Star Wars The Force Awakens
Courtesy of Disney

The grizzled smuggler turns to his towering co-pilot, and with a flicker of a smile, says in the familiar voice of Harrison Ford, “Chewie We’re Home.”

That line of dialogue marked the first time that Ford had returned to the role of Han Solo, a part that made him a film icon, in more than 30 years. When footage of “Star Wars: The Force Awakens,” which brought Ford back to a galaxy far, far away, premiered before 5,000 fans at the Star Wars Celebration convention in Anaheim last spring, some audience members burst into tears.

The overwhelming response that day was one of the first hints at the massive expectations for “The Force Awakens.” Not just on the part of Disney, the studio that plunked down $4 billion and change to acquire “Star Wars'” parent Lucasfilm, but for generations of moviegoers who were weaned on tales of Jedi knights and the Dark Side. When “The Force Awakens” debuted this month, audiences showed up at a level not seen since “Avatar” galvanized the movie business in 2009. The film racked up more than $1 billion in worldwide ticket sales its first 12 days and catapulted the exhibition industry to record levels.

For the first time in history, the domestic box office has exceeded $11 billion, a 7.3% improvement from last year and a 1.5% gain on the previous record-setting year of 2013. Final results have yet to be tallied, but it appears there will be between 1.32 billion and 1.34 billion admissions, roughly in line with 2013, but trailing the high of 1.57 billion in tickets sold in 2002 — meaning the number of moviegoers is remaining flat, while the revenues continue to increase due to higher ticket prices. Through the third quarter, ticket prices got more expensive than ever, as premium formats such as Imax and 3D caused a spike in costs.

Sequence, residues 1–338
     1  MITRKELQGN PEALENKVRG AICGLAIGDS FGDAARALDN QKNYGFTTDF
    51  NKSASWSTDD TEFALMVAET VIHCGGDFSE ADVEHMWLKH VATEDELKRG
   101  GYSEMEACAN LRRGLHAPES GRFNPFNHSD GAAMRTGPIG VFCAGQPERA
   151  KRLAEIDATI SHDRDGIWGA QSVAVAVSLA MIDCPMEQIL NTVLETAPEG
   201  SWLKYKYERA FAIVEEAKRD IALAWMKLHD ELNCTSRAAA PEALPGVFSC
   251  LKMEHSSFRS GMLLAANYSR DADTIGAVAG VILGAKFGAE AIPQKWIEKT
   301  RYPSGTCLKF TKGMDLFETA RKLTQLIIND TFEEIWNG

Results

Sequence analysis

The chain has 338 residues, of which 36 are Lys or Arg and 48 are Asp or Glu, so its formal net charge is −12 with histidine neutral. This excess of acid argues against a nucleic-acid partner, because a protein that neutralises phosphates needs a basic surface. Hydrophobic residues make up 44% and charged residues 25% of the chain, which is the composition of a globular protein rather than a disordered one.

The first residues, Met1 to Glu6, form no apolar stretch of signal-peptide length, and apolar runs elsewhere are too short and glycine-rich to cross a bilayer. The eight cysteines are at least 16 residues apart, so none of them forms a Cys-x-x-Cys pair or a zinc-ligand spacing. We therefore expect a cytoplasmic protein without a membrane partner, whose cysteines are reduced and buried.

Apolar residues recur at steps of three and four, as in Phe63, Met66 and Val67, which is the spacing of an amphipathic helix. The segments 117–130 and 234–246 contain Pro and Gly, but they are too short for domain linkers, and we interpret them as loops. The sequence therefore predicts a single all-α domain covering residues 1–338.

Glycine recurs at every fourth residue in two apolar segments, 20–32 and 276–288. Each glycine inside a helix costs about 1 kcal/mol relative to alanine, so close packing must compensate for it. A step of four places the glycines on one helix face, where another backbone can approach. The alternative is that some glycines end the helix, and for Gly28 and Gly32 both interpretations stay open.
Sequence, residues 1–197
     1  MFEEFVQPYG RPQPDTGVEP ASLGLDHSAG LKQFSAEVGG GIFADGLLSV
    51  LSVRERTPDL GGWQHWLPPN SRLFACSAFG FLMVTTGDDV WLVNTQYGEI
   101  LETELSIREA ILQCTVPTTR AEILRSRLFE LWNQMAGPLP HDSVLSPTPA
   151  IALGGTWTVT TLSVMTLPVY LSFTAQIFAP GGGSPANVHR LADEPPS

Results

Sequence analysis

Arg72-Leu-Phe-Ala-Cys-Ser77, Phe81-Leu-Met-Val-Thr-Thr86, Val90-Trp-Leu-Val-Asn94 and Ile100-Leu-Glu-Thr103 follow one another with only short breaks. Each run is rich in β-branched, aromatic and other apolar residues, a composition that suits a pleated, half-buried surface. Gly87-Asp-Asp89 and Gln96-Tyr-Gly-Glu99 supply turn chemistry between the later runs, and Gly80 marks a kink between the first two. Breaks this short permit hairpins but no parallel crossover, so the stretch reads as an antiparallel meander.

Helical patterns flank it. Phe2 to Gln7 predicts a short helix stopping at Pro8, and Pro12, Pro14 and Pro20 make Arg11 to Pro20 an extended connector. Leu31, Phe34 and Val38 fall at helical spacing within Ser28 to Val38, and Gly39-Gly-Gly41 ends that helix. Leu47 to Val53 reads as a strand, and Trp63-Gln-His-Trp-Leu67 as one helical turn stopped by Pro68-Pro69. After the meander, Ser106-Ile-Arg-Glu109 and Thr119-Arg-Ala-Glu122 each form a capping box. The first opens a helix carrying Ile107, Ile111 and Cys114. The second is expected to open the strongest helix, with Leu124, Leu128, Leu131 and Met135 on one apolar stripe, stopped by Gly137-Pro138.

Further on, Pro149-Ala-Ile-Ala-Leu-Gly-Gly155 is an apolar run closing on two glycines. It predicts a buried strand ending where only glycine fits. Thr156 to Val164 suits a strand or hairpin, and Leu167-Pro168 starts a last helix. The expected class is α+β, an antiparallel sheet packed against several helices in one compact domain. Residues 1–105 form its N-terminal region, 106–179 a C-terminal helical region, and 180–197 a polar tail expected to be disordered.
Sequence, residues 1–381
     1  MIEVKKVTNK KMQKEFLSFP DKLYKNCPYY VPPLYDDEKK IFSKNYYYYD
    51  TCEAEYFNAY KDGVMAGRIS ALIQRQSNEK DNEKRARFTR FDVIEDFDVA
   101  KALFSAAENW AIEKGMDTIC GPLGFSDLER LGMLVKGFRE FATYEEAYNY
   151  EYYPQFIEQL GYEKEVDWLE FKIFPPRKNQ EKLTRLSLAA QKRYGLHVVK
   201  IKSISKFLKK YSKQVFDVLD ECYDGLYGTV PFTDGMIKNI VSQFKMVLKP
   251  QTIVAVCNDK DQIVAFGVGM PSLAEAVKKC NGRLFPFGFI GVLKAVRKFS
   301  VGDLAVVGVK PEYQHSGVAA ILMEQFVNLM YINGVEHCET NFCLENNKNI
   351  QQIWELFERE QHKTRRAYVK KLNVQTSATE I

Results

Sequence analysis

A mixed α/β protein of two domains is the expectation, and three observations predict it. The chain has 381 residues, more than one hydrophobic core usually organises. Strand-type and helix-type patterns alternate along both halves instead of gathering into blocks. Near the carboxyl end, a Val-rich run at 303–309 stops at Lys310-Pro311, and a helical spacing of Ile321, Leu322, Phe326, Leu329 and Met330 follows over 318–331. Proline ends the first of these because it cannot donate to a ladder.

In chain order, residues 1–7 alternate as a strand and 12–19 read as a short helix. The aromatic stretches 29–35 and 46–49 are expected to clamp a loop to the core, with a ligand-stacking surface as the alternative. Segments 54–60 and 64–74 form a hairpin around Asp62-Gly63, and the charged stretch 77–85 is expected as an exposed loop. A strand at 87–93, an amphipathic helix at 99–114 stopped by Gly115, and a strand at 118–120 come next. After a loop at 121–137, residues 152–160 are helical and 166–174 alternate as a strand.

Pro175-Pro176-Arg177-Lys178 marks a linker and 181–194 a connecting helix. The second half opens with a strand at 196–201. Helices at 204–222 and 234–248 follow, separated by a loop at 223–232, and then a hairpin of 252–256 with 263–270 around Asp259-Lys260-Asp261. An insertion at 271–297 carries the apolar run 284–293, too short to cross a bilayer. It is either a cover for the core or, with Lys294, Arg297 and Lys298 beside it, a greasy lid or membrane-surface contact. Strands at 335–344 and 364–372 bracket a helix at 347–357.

Globally, ticket sales should also scale new heights, particularly since China, the world’s second biggest market for film, grew nearly 50% to hit $6.8 billion. The results come during a period of transition for the movie business. The decline of DVD sales has put increasing pressure on a film’s theatrical performance and the rise of streaming services such as Netflix is viewed as a threat to an industry that relies on people leaving the comforts of home for the local cinema. But analysts believe that unlike the music industry, which is a shell of its pre-Napster self, the exhibition space has weathered the shifts in consumption habits more or less intact.